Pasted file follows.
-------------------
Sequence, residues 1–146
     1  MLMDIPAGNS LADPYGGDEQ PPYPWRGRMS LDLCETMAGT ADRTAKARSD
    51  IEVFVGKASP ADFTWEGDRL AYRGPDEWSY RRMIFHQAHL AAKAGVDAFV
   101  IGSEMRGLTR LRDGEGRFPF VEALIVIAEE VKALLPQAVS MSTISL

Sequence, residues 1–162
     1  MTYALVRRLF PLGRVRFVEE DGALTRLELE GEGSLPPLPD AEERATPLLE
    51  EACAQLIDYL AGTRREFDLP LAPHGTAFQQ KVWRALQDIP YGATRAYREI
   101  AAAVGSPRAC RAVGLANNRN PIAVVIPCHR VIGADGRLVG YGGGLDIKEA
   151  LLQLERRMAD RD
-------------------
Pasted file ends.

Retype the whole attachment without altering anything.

Sequence, residues 1–146
     1  MLMDIPAGNS LADPYGGDEQ PPYPWRGRMS LDLCETMAGT ADRTAKARSD
    51  IEVFVGKASP ADFTWEGDRL AYRGPDEWSY RRMIFHQAHL AAKAGVDAFV
   101  IGSEMRGLTR LRDGEGRFPF VEALIVIAEE VKALLPQAVS MSTISL

Sequence, residues 1–162
     1  MTYALVRRLF PLGRVRFVEE DGALTRLELE GEGSLPPLPD AEERATPLLE
    51  EACAQLIDYL AGTRREFDLP LAPHGTAFQQ KVWRALQDIP YGATRAYREI
   101  AAAVGSPRAC RAVGLANNRN PIAVVIPCHR VIGADGRLVG YGGGLDIKEA
   151  LLQLERRMAD RD